Larry Scott speaks on state of the conference at Pac-12 Women's Basketball Tournament
SEATTLE – Commissioner Larry Scott held a wide-ranging roundtable discussion with members of the West Coast media Saturday afternoon inside KeyArena before the Pac-12 Women’s Tournament semifinal game between Stanford and USC.
Scott touched on everything from the future of the Pac-12 Women’s Basketball Tournament, to the conference’s ongoing negotiations with cable provider DirecTV, to his goal of decreasing the number of Pac-12 football games with late kick-off times.
His opening statement, however, provided a resounding message about the effect Pac-12 Networks, in just its second year, had on Pac-12 women’s basketball this season.
“It’s pretty unprecedented this year. We had the most women’s basketball – not just in our conference’s history – probably in any conference’s history, on television, with 106 women’s basketball broadcasts,” Scott said.
“Our sense is that the awareness and respect for Pac-12 women’s basketball is on the rise. Generally I feel like Pac-12 women’s basketball is getting deeper, getting stronger. I’m optimistic about the future and hoping this tournament ends on an exciting note, which I think it will.”
Hailing from the smallest media markets in the conference, programs like WSU and OSU have benefitted ten-fold from the increased exposure.
“When I talk to the coaches, they believe that television exposure is critical in that it gives you more of a national recruiting platform,” said Scott. “You can talk to kids from anywhere in the country and their families will be able to watch them and see them play.
“That’s the feedback I get from the coaches in women’s basketball and frankly in all the sports.”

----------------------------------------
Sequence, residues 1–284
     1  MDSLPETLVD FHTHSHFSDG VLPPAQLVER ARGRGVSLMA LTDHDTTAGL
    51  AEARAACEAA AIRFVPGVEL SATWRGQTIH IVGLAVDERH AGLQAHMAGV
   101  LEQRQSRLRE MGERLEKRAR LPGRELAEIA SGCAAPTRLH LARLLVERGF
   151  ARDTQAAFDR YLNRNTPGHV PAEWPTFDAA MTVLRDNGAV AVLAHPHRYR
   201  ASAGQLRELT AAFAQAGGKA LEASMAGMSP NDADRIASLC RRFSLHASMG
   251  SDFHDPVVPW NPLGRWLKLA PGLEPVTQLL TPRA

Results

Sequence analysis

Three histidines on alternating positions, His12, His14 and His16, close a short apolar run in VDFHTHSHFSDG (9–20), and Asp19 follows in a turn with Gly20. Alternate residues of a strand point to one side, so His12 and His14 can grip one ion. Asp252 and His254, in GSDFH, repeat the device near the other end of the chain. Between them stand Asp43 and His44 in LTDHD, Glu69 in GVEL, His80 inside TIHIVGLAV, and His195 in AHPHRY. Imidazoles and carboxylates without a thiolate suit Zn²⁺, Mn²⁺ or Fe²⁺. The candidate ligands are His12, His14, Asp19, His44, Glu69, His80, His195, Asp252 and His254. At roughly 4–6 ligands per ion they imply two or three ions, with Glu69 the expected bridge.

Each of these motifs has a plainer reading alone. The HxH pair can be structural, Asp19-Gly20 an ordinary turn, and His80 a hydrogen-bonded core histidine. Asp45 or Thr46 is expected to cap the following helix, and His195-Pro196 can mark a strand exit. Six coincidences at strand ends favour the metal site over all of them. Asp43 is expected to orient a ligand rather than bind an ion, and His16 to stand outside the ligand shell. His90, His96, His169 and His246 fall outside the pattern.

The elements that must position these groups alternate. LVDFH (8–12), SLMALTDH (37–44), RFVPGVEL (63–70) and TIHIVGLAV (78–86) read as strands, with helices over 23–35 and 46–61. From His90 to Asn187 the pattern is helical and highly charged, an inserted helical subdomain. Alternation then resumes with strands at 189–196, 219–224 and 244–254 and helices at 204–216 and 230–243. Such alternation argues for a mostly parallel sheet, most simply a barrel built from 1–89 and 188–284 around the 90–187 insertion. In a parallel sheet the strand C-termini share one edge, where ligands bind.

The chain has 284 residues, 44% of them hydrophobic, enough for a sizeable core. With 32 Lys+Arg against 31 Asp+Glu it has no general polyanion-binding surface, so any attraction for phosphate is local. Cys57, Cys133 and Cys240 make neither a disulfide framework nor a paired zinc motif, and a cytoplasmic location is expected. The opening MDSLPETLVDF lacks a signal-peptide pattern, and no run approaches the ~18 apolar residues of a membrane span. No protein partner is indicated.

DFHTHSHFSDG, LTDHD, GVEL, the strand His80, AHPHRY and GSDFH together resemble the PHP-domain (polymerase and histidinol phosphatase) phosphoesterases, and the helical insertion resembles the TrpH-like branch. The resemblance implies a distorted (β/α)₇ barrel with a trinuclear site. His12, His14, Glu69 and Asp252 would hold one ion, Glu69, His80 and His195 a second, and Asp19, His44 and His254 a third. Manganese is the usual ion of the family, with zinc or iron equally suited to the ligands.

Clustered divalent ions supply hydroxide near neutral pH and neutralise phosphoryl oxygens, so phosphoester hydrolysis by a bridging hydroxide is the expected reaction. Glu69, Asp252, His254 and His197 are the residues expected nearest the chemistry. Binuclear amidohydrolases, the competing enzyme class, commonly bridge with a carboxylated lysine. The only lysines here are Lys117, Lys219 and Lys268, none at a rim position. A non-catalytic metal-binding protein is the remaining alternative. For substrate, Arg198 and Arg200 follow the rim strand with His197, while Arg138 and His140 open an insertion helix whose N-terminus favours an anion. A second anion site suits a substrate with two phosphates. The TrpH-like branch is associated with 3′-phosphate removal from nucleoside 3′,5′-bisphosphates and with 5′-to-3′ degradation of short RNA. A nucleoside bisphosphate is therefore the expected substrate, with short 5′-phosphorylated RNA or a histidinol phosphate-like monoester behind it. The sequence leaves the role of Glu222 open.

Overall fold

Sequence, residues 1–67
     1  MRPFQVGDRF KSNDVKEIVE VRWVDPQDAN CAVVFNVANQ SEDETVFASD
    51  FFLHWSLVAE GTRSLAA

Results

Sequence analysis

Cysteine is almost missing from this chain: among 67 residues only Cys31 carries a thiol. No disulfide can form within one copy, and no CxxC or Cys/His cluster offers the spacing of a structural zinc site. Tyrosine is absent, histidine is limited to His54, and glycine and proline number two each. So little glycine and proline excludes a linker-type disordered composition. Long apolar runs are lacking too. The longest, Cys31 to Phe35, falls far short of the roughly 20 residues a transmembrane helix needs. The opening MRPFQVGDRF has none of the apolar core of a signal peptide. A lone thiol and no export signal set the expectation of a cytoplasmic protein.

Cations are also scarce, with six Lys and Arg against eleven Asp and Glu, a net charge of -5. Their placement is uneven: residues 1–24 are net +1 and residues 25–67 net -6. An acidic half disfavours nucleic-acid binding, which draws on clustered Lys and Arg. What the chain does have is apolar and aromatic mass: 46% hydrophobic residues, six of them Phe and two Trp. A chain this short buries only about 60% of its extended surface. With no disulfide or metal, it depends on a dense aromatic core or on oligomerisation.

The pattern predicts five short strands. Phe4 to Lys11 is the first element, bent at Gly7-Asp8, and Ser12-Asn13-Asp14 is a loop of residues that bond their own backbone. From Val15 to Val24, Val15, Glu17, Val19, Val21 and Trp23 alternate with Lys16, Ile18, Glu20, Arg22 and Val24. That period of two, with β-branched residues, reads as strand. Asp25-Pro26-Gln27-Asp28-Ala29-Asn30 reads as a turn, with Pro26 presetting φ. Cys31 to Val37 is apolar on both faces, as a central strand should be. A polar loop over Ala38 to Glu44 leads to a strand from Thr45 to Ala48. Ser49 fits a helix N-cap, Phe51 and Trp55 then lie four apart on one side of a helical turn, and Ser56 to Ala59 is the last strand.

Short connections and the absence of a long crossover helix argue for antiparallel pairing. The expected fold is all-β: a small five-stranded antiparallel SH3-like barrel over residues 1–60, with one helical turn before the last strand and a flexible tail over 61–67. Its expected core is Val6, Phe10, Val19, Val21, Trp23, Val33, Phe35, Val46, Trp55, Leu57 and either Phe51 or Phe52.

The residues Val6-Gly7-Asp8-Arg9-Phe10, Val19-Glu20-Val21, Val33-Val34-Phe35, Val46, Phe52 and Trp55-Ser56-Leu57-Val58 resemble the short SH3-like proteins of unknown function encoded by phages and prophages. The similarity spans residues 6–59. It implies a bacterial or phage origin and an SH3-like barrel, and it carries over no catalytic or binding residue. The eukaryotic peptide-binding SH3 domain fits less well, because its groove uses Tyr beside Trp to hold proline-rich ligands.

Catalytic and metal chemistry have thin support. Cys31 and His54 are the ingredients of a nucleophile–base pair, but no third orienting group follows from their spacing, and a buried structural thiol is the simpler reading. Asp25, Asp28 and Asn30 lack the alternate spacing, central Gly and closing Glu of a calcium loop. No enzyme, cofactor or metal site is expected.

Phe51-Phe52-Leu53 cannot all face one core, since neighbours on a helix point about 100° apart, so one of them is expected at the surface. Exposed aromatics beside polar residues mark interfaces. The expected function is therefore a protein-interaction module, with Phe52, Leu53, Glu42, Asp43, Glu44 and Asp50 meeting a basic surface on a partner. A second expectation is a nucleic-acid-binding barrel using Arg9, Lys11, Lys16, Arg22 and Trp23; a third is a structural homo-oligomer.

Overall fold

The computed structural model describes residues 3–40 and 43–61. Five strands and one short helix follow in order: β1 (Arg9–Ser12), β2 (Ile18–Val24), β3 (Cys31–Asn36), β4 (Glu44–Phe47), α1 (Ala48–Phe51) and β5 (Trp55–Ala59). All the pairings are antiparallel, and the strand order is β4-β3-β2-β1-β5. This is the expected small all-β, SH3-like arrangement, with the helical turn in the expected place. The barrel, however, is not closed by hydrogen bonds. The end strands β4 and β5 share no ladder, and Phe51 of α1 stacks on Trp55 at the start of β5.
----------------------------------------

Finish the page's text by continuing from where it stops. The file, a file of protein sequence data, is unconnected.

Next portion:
The Pac-12 Women’s Basketball Tournament is in its second year at Seattle’s KeyArena, current home to the WNBA’s Seattle Storm, after signing a three-year agreement in March 2012. Scott said he hasn’t started negotiations on a new deal, but that he’s been impressed with the atmosphere and attendance in Seattle since he moved the tournament from Los Angeles.
The decision to move the Men’s Pac-12 Basketball Tournament to Las Vegas, beginning last season, was a success as well.
“I would describe Las Vegas last year as a big hit. I’d say it exceeded expectations in terms of attendance, the atmosphere and the feedback we got from everyone,” said Scott. “Based on the word of mouth it feels like this year is going to be even bigger and more exciting.”
A sore point for a vocal segment of fans, schools and media members was the increased number of night football games in 2013. Following the season, Scott said his priority was to work alongside broadcast partners ESPN and Fox to schedule more day games in 2014. That plan hasn’t changed.
“We are going to try and bring down the number of night games, but it requires cooperation and agreement from our broadcast partners that have certain rights. (It’s) in progress,” Scott said.
Meanwhile, there hasn’t been any progress in negotiations between the Pac-12 and DirecTV, Scott said.
“There’s really no new news, unfortunately,” said Scott. “Sitting here today I’m not optimistic that there’s going to be any movement. They’re in fact picking more battles with others – the Dodgers Network in LA and the SEC Network
“We keep approaching them every few months, but there’s nothing imminent,” Scott said.
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